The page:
Photographing the stars at night has for some reason always been the white elephant in the room I have avoided for some reason or another. Much like diving into portrait work. Granted shooting the Milky Way turns out to be much easier than I expected. In fact, shooting the stars were not even remotely in my plans during the 4-5 shooting trip. The plan was to drive to a relatively nearby location (with 2 hours) and safely photograph the Rim Fire near/in Yosemite National Park.
Here are the three biggest challenges in this type of photography: focusing, composition, and camera settings. Wait! That sounds like everything! And now that I have typed it on the screen, I may have to agree. Yet, once you have gone through this exercise once, it is really the composition that is difficult and is that not always the case with photography in any situation?
- Distance Scale? – Not very difficult if your camera has a distance scale on the barrel of the lens. If manual focus fails, set the scale to the infinity hash and you are ready. But distance scales are not as common on today’s lenses. The high end lenses tend to still have the scales, but what if this is not an options for you?
- Auto-focus? – If you are used to auto-focus, as I am, this is where focus become tricky. You are likely not going to be able to use auto-focus. The stars are not bright enough for the camera to focus on. Maybe auto-focus on a distant light. With this photograph, I tracked approaching car headlights about a mile away. Luckily, that method worked. If the moon is available, use that as your focal point, but shooting the stars is somewhat ineffective when the moon is out.
- Live View? – Most mid-range and certainly professional cameras are equipped with Live View, the ability to see the image on the back LCD before the image is shot. Many have the ability to zoom in 10x and focus using a single focal point. The great thing here is that you can zoom in to focus using Live View without having to physically zoom in with the lens and affect the composition. Perhaps auto-focus could work in this situation.
- Manual focus. – When all else fails, manual focus is the solution. In some other shots, I used a combination of Live View x10 on the brightest star and manual focusing to achieve sharpness. For those photogs that prefer manual focus, all of this is second nature to them.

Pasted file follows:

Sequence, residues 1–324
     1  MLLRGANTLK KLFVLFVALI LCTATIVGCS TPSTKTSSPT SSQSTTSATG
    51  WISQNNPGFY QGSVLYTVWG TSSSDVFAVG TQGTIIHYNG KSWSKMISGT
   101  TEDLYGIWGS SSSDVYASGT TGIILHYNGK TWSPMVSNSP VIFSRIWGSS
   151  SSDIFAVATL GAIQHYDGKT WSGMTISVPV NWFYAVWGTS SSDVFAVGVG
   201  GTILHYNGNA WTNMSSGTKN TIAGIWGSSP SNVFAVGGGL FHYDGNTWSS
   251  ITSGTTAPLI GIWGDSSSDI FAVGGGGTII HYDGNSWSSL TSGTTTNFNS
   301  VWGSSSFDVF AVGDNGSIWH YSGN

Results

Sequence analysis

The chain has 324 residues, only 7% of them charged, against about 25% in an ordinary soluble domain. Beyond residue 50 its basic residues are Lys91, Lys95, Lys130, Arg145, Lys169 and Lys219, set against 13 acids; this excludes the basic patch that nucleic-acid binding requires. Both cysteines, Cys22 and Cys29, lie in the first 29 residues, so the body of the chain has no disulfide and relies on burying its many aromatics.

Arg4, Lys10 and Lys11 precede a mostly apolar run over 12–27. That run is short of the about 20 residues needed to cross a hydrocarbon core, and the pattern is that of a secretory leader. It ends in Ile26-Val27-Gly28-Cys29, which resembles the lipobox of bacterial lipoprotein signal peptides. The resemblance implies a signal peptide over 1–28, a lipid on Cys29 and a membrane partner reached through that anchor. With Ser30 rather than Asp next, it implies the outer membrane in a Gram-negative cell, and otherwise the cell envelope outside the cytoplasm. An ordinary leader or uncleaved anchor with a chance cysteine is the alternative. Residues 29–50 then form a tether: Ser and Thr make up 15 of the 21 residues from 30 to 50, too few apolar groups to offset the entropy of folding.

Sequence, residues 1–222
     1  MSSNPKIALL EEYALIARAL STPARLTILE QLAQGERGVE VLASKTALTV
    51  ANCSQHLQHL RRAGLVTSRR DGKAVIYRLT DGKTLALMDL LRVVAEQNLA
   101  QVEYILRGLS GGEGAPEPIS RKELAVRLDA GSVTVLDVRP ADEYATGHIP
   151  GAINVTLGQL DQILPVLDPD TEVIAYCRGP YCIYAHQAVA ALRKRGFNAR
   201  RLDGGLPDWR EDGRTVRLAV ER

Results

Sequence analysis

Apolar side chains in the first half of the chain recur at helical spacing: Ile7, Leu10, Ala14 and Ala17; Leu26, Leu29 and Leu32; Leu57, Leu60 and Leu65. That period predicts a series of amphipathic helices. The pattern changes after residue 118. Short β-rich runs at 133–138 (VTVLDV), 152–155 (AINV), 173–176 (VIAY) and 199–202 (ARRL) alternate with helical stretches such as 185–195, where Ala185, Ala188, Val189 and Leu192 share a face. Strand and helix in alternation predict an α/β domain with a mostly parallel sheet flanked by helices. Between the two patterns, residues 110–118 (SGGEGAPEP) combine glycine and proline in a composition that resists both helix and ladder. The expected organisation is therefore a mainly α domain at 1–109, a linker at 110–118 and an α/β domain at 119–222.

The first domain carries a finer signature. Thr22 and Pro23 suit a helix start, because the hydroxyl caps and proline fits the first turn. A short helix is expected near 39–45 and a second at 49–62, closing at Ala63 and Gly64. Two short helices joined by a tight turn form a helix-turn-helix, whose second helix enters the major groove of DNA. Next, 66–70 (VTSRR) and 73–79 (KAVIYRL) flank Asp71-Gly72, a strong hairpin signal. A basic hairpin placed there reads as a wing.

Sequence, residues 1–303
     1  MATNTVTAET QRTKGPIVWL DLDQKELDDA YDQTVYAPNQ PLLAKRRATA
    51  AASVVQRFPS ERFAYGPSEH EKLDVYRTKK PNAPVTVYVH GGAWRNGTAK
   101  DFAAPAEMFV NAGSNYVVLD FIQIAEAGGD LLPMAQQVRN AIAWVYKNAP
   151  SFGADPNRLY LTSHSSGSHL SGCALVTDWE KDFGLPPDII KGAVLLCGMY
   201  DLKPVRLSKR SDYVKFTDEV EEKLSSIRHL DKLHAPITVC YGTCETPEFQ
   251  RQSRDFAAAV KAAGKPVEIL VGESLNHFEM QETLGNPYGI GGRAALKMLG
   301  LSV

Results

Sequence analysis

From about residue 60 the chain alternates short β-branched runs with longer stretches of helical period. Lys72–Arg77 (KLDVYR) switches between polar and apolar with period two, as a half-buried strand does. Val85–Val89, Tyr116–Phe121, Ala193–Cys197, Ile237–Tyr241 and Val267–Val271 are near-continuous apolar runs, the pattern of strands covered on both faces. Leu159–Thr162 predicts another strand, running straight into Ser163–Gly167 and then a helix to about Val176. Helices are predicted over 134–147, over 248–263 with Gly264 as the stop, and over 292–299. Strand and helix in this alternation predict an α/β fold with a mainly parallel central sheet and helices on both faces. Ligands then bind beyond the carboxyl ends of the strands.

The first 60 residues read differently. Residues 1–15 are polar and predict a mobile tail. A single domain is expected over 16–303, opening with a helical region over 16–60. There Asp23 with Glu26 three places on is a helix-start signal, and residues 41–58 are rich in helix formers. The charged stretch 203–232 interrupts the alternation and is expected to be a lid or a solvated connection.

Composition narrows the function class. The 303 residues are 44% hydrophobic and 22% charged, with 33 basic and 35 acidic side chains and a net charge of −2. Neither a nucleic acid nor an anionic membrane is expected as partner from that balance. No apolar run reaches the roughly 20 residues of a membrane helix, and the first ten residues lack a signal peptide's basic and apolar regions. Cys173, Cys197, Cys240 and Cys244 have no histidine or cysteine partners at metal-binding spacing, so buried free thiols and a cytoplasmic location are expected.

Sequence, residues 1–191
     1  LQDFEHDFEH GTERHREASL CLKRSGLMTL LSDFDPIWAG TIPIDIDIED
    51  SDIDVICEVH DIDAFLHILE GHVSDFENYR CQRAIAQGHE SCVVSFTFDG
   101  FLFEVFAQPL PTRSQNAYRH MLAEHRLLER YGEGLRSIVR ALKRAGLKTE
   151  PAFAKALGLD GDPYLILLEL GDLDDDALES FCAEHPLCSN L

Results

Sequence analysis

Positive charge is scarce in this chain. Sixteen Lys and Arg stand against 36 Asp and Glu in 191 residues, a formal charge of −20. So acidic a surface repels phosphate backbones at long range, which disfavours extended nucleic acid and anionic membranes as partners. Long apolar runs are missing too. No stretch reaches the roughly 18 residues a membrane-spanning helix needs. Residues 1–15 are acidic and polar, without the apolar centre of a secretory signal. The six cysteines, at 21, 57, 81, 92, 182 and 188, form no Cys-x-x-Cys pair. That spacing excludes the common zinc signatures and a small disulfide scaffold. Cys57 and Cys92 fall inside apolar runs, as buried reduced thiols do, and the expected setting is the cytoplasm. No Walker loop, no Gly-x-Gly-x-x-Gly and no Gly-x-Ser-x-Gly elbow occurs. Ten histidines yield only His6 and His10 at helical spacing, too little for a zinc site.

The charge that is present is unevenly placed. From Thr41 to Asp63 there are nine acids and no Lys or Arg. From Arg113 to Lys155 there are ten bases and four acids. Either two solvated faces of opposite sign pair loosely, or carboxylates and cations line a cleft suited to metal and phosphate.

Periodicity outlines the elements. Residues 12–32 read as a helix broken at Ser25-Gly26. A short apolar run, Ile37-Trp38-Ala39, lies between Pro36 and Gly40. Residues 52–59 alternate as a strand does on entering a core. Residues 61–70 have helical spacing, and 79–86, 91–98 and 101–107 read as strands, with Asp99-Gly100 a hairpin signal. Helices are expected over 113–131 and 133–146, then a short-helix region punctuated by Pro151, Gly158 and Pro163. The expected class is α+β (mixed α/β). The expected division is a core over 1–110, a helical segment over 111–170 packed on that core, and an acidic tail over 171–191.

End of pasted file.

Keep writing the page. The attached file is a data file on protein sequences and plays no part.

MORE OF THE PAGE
Everything is going to look rather dark through the viewfinder. Luckily in this shot, the silhouetted ridge provided a bit of assistance. I could move the camera and see when the ridge disappeared off the frame and adjust accordingly. If worse came to worst, I could take test shots and adjust accordingly. Also keep in mind, the longer your eyes adjust to the darkness, you can see much more through the viewfinder. So avoid using flashlights (unless covered with red gel/film) and try not to bring up anything bright on your viewfinder.
Remember, your camera’s metering is likely to be ineffective. The goal is to figure out what settings work for you camera and use that as your baseline to adjust from in the future.
- Shutter speed – Keep it under 30 seconds if you want pinpoint stars. Preferably, 15-20 seconds. This means having your aperture wide open (low f/ value) and boosting your ISO.
- Aperture – Open it as wide as possible unless you’re also including nearby elements in the foreground. In this photo, the ridge was in the foreground, but not close enough where I was worried it would be too far out of the depth of field. So my lens could be opened up to f/3.5 and that is where I set it. If I had nearby foreground elements, I would need to “stop down” the aperture (higher f/ number) to and start boosting the ISO to compensate.
- ISO – This is the camera sensor setting in digital cameras and (film sensitivity in film cameras). I set mine to ISO6400 and fired away. In retrospect, I might have boosted the ISO even further as I could have picked up more of the Milky Way, but you have to know at what point on your camera the digital grain from high ISO outweighs what can be capture. Of course, I would advocate using Long Exposure Noise Reduction (NR) if your camera has it. The camera takes one shot with the shutter closed and compares and removes the noise from your actual shot. The only drawback is that each shot now takes twice the amount of time and it does eat into battery life.
EXIF data: Nikon D7000, center weighted metering mode, ISO 6400, 18mm, f/3.5, 20 sec
New Melones Lake (CA), Milky Way, Ridge Silhouette. New Melones Lake Vista Point, California. August 24, 2013. © Copyright Steven Tze – all rights reserved.